Why Lottery Is a Tax on the Stubborn


Lottery is a form of gambling in which numbers are drawn to win a prize. It is an ancient tradition, with evidence of it appearing in the Low Countries in the 15th century to raise money for town fortifications and poor relief. Today, lottery is a massive industry that brings in over $80 billion per year in the United States alone. The vast majority of the proceeds go to taxes, and those who win often find themselves bankrupt in a few years. Instead of purchasing lottery tickets, Americans would be better off using this money to build an emergency fund or paying down credit card debt.

One of the reasons for this is that people who play the lottery spend a far smaller proportion of their incomes on it than do the poor. In a recent study, the research firm Bankrate found that people earning fifty thousand dollars or more annually buy, on average, one percent of their income in tickets; those making less than thirty thousand dollars spend thirteen percent.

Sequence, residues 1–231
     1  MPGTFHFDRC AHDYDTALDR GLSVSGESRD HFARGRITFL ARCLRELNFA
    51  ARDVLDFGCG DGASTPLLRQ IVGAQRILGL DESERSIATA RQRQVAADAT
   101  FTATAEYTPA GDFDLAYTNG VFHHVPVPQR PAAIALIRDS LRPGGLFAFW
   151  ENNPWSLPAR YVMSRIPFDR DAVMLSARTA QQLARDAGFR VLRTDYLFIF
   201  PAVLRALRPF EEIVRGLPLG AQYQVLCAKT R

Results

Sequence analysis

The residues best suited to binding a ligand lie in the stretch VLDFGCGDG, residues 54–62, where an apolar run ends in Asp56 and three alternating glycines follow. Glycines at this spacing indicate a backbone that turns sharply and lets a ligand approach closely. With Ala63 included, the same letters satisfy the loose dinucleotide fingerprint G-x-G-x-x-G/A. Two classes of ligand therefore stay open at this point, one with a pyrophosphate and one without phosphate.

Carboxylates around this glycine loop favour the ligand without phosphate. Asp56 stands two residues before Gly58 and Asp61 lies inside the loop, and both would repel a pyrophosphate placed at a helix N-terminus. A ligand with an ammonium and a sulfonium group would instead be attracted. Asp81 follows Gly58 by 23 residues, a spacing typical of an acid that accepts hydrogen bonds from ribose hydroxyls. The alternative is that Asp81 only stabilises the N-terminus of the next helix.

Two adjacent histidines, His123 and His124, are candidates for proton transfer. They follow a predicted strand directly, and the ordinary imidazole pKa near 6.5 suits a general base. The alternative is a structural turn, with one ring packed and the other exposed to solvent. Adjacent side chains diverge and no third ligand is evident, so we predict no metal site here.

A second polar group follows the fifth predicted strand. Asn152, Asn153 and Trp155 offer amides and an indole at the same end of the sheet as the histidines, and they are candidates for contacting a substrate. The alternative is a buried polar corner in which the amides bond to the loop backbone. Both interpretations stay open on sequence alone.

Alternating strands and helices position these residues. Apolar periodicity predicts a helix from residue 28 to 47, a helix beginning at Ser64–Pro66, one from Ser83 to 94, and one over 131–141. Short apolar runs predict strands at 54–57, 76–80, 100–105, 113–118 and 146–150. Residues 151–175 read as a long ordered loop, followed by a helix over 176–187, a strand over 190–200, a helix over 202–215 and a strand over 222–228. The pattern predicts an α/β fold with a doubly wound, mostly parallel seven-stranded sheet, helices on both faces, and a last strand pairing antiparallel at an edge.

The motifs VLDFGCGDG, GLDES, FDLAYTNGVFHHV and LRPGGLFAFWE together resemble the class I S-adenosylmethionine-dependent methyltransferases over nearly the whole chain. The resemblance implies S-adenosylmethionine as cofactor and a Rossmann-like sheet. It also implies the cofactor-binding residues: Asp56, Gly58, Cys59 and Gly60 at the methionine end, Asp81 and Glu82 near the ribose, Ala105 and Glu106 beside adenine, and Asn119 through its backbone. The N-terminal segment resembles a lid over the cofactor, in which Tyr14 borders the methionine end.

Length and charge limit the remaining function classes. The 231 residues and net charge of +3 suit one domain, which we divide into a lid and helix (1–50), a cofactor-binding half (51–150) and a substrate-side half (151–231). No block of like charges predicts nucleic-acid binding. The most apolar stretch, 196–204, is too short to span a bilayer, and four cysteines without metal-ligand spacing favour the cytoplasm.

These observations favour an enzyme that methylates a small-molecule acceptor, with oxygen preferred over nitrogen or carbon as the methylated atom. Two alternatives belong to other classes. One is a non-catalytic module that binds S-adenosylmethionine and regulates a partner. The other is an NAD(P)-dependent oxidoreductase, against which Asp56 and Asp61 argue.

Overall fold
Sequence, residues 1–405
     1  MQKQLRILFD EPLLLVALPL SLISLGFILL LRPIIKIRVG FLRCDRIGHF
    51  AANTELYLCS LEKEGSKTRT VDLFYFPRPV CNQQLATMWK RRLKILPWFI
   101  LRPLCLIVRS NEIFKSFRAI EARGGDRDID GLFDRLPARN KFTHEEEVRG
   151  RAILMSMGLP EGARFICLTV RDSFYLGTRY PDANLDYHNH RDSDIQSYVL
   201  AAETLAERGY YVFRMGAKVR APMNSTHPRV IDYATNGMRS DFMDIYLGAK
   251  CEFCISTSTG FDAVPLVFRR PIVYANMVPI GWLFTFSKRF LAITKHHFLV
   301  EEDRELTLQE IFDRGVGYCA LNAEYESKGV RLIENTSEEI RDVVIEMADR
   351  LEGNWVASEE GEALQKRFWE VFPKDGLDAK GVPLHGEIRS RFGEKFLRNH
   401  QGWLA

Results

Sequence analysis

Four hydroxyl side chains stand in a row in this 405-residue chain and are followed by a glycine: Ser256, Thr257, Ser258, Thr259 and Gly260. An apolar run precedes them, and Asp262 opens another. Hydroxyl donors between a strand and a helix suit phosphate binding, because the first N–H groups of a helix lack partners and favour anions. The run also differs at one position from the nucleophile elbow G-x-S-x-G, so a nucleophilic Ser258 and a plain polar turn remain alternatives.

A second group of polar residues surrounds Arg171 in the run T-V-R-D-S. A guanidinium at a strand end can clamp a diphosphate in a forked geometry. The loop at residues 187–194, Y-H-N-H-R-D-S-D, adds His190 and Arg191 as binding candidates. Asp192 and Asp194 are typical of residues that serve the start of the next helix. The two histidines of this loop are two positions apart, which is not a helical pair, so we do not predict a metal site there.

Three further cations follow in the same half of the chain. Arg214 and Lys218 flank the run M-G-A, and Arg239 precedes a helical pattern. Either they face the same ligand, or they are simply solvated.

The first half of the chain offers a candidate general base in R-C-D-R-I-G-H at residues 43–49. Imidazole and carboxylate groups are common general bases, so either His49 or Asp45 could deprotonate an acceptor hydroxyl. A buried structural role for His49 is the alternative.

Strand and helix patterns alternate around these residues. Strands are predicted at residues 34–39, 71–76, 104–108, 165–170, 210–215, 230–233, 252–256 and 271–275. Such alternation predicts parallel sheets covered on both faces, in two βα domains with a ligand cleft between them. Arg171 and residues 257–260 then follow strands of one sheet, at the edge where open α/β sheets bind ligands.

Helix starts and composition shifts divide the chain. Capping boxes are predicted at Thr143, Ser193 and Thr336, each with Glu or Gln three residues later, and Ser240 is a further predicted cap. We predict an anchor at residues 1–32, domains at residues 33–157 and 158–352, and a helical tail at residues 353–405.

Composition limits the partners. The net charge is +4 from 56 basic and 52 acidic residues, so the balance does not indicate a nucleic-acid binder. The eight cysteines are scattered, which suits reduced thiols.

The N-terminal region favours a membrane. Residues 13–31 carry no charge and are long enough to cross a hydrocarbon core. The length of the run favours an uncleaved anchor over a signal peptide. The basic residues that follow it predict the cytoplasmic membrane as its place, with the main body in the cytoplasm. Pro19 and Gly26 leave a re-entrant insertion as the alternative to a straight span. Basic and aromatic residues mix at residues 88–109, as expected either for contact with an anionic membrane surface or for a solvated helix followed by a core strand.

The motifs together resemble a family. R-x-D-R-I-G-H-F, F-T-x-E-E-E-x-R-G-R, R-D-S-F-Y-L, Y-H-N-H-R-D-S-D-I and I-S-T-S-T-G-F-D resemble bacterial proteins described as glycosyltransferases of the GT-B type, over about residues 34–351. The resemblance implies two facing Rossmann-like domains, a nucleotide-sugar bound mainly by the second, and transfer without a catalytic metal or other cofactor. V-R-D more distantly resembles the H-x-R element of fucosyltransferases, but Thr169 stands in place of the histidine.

Another reason is that people who play the lottery have a different sense of how likely they are to win. While defenders sometimes argue that lottery is just a tax on the stupid—implying that lottery players don’t understand how unlikely it is to win or that they enjoy playing the game anyway—research shows that sales rise as incomes fall, unemployment increases, and poverty rates increase. And, like all commercial products, lottery sales are heavily promoted in neighborhoods that are disproportionately poor, black, or Hispanic.

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